The sycamore : Acer pseudoplatanus.

The sycamore : Acer pseudoplatanus.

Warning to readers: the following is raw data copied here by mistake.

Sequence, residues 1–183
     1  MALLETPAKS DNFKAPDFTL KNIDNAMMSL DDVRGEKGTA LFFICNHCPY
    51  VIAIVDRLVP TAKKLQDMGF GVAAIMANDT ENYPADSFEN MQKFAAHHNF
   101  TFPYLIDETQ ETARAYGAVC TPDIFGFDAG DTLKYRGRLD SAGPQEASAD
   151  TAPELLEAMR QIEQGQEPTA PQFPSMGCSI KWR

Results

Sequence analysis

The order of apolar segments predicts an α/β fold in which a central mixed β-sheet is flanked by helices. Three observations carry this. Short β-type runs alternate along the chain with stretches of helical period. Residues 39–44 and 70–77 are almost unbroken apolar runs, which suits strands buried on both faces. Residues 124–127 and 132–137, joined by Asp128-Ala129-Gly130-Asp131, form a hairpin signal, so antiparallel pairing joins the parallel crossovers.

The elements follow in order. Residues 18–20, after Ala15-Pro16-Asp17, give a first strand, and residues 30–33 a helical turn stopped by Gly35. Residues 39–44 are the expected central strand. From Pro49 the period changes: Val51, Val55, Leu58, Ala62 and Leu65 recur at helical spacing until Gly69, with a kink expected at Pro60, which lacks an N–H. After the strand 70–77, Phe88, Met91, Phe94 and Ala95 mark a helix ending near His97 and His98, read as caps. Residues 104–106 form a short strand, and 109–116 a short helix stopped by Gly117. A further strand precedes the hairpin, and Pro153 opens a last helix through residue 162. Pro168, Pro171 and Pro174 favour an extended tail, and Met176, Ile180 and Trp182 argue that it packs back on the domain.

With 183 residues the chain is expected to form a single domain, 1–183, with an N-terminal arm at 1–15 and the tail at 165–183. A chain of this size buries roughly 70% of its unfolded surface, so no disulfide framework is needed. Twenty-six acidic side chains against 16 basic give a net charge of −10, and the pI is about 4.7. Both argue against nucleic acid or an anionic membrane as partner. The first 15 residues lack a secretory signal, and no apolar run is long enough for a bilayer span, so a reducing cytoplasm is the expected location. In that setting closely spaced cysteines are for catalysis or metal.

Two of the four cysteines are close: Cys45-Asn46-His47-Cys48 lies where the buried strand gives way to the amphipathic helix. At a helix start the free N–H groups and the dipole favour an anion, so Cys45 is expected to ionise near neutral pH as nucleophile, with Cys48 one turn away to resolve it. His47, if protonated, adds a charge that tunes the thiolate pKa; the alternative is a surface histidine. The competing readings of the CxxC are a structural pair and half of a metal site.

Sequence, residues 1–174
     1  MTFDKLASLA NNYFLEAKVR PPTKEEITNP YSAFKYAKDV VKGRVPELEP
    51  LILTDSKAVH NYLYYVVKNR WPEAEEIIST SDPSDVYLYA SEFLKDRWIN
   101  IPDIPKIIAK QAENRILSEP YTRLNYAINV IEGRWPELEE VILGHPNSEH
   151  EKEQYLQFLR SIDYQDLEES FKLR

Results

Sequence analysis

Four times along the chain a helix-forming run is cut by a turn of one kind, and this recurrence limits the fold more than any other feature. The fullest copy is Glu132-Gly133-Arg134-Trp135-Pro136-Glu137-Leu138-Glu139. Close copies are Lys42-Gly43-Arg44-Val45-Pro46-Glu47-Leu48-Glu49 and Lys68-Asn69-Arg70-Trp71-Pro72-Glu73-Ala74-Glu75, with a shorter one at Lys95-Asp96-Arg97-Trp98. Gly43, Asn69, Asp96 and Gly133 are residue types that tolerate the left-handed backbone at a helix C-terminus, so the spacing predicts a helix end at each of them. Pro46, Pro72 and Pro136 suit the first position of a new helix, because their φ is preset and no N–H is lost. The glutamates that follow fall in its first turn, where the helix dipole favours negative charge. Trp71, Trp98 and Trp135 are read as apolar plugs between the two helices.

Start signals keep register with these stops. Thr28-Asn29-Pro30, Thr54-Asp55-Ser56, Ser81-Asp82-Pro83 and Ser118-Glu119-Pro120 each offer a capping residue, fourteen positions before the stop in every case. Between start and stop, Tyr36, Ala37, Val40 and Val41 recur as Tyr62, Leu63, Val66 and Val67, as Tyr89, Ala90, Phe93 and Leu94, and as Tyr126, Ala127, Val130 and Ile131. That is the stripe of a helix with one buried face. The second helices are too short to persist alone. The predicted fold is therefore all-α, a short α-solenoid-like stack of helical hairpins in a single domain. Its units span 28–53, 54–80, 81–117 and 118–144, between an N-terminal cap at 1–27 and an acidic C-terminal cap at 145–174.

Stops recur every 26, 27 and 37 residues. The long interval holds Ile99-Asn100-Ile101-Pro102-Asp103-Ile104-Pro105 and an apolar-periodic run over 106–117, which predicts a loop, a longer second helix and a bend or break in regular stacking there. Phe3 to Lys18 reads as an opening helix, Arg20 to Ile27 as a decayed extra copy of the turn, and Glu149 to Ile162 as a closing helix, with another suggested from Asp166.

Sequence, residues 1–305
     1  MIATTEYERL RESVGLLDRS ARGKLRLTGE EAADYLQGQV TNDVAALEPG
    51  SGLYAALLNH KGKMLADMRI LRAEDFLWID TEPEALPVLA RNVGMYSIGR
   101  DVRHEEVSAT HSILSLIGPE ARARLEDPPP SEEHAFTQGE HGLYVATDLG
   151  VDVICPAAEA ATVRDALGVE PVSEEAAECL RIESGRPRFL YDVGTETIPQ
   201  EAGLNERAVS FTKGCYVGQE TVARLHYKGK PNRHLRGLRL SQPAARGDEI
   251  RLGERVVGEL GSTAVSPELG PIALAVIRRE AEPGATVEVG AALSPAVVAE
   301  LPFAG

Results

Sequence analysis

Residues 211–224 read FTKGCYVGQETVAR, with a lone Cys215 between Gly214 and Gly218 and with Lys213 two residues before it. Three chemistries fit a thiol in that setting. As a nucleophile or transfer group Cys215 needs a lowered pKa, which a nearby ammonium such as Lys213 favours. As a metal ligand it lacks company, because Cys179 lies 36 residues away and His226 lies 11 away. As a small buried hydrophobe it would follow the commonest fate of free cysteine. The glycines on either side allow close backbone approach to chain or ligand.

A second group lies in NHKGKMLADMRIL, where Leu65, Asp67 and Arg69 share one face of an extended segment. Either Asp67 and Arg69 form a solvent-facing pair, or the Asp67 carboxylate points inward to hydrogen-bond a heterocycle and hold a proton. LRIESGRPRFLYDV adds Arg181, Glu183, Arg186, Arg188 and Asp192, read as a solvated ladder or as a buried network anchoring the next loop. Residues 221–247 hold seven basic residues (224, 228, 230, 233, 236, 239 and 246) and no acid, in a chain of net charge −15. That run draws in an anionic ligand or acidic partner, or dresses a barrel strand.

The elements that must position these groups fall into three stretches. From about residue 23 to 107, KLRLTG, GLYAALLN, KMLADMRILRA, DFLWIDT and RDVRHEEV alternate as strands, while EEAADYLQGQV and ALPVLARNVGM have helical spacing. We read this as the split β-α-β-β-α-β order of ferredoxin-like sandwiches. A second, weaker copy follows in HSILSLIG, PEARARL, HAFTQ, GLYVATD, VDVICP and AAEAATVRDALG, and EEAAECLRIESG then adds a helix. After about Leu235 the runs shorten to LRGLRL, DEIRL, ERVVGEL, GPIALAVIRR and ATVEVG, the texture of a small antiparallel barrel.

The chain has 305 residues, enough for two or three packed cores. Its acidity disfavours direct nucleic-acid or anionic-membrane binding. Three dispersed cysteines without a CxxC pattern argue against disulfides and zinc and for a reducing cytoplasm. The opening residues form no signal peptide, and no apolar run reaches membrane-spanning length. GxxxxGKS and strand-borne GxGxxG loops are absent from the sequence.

by blogs at woodlands, 30 December, 2021, 0 comments